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This Week I Read Three Nasty Articles Online That Made Fun of My Success

by | Aug 1, 2022 | Writing

Hate thrown at your face never feels good.

I don’t care whether your Rocky with big balls of steel or Wonder Woman with a dangerous whip. Hate sucks.

Over the last week I’ve read three nasty articles about me. Over the last 6-12 months I’ve read even more. The common denominator is I don’t know 99% of these people and have never spoken to them. They definitely don’t know me.

Here’s how hate feels and how I deal with it, so you can armor yourself when it happens to you (and it will).

Those who were once close hurt the most

A few years back I joined several writing groups.

It felt amazing. I got close with so many other writers who could write way better than me. They shared their insights. I always thought I’d be friends with these writers for the rest of my life.

Then things started to go south on a few platforms last year. The love turned to hate. A small number of these writers became angry and selfish. They made demands like “support my business or else.”

The worst one I copped was one writer got angry that I got into online education (my life goal since 2004). Somehow they thought the idea of an online writing academy was unique.

They claim I stole their idea.

They went on a reign of terror that continues to this day. In the process, they ruined their reputation. Then after accusing me of stealing their idea they went and directly copied and pasted all of another writer’s sales emails.

Unfortunately, they forgot to remove that writer’s name when they sent out the stolen sales emails. It was pretty obvious they did the stealing.

Lesson 1: when someone accuses you of stealing, often, they’re the real thief. Normal people don’t think ideas are Nobel Prizes. Nope. And successful people praise execution over ideas.

Here’s an idea you can steal from me: Uber … but for boats instead of cars. Smart, huh? No, it’s just a dumb idea I came up with on the toilet this morning.

Lesson 2: Careful who you spend time with. Selfishness is a red flag.

Don’t name and shame

When I see writers name and shame others I watch them dig a grave for their writing career. 99% of the audience will switch off.

Mature adults attack ideas. Adult babies attack people.

The mature way to handle yourself online is to leave out names when you’re going on a rant about an issue you’ve faced. It’s fun to shame others but the truth is this quote applies to anyone you claim has harmed you:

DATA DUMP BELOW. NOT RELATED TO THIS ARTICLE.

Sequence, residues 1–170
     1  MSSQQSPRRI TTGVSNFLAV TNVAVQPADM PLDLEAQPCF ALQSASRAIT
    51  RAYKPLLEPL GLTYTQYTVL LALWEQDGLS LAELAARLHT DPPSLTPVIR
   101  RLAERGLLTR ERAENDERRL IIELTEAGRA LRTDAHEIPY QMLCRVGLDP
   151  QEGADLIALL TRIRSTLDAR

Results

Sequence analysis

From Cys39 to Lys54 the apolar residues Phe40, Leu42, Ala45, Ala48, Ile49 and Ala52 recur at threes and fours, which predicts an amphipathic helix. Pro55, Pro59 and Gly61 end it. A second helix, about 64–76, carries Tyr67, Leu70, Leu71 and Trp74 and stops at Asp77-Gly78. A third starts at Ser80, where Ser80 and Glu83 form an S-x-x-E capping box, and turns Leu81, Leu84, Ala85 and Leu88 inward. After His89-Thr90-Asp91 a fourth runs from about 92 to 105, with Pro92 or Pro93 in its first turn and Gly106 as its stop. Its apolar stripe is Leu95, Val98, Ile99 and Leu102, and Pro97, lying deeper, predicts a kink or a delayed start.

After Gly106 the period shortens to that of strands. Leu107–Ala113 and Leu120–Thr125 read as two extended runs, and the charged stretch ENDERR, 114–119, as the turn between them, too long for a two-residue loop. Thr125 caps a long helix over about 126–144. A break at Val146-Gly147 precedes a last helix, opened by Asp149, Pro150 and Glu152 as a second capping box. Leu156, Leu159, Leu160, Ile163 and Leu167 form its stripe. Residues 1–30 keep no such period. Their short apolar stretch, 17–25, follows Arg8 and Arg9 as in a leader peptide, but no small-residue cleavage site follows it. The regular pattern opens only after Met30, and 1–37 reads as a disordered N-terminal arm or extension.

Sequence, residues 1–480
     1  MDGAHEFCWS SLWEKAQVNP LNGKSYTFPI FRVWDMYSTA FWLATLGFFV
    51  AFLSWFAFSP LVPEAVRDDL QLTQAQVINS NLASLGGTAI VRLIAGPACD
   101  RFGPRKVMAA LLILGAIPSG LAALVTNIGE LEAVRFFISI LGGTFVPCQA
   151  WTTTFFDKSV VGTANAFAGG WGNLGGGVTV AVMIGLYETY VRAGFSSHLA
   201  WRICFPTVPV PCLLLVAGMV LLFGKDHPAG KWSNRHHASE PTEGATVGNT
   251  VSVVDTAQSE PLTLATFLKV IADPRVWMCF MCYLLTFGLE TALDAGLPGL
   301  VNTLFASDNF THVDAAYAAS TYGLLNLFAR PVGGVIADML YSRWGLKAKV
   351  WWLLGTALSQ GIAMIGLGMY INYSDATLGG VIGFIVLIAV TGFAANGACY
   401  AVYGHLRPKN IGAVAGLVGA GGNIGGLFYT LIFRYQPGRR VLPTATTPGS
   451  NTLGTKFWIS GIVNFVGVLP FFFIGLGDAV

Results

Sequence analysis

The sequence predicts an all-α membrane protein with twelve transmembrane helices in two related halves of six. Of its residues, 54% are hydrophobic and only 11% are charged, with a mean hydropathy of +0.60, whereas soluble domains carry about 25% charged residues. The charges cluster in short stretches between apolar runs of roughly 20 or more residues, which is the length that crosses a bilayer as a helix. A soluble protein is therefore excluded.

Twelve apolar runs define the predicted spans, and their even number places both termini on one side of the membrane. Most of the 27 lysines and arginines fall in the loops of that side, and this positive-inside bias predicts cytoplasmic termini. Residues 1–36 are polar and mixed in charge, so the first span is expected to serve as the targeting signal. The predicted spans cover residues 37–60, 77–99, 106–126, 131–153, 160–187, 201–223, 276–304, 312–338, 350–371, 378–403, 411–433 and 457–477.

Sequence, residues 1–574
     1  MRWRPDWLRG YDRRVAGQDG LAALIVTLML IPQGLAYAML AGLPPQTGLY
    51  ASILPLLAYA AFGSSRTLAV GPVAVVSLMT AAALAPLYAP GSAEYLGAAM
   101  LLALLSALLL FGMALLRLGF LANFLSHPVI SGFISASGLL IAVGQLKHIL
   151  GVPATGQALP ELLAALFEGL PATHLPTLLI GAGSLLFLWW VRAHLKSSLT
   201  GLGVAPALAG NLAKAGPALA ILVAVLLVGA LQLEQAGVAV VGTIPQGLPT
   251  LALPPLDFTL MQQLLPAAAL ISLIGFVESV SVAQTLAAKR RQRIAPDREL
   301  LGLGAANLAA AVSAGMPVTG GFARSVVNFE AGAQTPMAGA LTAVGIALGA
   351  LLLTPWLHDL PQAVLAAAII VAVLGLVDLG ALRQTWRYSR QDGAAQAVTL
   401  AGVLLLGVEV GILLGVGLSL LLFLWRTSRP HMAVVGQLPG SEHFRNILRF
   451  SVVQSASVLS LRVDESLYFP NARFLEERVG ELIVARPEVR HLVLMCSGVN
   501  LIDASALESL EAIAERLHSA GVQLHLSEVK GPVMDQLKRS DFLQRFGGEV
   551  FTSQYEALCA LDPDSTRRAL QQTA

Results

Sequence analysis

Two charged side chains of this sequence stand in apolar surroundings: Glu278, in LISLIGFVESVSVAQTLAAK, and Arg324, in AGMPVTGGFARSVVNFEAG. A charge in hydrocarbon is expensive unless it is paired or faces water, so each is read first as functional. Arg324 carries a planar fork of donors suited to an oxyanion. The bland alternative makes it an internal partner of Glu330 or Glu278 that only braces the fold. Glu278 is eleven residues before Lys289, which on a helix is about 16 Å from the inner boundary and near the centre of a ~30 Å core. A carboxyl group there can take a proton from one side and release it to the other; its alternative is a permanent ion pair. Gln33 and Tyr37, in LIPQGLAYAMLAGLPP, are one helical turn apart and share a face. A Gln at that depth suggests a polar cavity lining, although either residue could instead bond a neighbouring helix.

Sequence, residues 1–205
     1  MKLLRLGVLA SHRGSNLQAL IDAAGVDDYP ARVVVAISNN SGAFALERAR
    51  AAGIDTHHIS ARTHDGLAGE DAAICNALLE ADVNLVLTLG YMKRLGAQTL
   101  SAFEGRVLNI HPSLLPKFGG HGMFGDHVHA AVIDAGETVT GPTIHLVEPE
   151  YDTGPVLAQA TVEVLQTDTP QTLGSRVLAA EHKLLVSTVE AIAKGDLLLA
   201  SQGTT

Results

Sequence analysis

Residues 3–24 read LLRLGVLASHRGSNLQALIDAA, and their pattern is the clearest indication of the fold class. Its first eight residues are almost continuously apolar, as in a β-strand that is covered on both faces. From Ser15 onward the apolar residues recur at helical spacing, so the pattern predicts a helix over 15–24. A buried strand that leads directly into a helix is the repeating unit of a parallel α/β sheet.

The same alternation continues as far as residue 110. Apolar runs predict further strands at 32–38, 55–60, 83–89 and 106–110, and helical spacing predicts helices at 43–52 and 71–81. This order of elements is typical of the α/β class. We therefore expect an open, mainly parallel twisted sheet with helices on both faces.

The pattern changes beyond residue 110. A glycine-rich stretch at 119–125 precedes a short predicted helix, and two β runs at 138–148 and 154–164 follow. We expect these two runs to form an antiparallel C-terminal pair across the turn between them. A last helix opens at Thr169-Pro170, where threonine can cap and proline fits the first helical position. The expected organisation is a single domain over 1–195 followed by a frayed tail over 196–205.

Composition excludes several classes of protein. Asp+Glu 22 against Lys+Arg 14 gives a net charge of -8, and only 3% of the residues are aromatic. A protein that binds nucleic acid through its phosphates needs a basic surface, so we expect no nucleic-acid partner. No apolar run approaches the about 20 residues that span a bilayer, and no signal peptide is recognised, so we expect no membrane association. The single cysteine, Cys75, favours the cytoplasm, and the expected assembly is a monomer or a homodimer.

Everyone you know is fighting a battle you know nothing about.

This saying nukes the temptation to spread hate. Contemplate it before you ever think about throwing mud over your neighbors’ fence.

They’ll move on

Sometimes I feel like a rainbow pinata horse.

Gif Credit: Gifer

The truth is haters will normally move on fast. There are other clown shows to attend. They’re looking for a reaction. When they don’t get one they give up.

After all, most online hate is the result of lonely people desperately hunting for ‘likes’ to get attention. Once you know that deep down, the hate starts to evaporate in your mind.

How it feels

I get asked this all the time.

Most of the time these nasty articles that make fun of my success don’t mean much. All I can think is “they want what you have.” That’s because a lot of hate is jealousy in disguise.

I’m not ashamed of any tiny success I may have had over the years.

I worked my face off to get it. I burned out several times in the process. I walked away from a startup. I got dumped by the woman I loved because of my pursuit of success, too. And I even got fired from my job.

Every good moment in life comes with trade-offs.

If you want to be successful in your field you have to be prepared to push the boundaries, to make people uncomfortable. And when you do, some of that will translate into criticism or hate. That’s okay.

Art should comfort the disturbed and disturb the comfortable — Banksy

Hate is fear in disguise.

Fear makes us do wild things to prevent ourselves from feeling what’s really going on. Sure, when I wake up to yet another article with a title like “writes like crap” it’s never a fun moment.

All sorts of feelings bubble up. In the early days I felt angry and outraged. As I’ve grown older I’ve become more mindful and present.

Honestly, I just want the best for people. I don’t want anyone to “get what’s coming to them” or trip on a landmine and blow up.

My hope is that we can show each other more compassion. Because when you do you get access to unfair results. How? Your reputation creates your future opportunities.

A reputation is built on soft skills like compassion and self-awareness.

Bottom line: Put yourself in the shoes of others. You’ll feel less hate and more chilled.

Don’t worry about people not liking you. Most of them don’t even love themselves — Justin Kan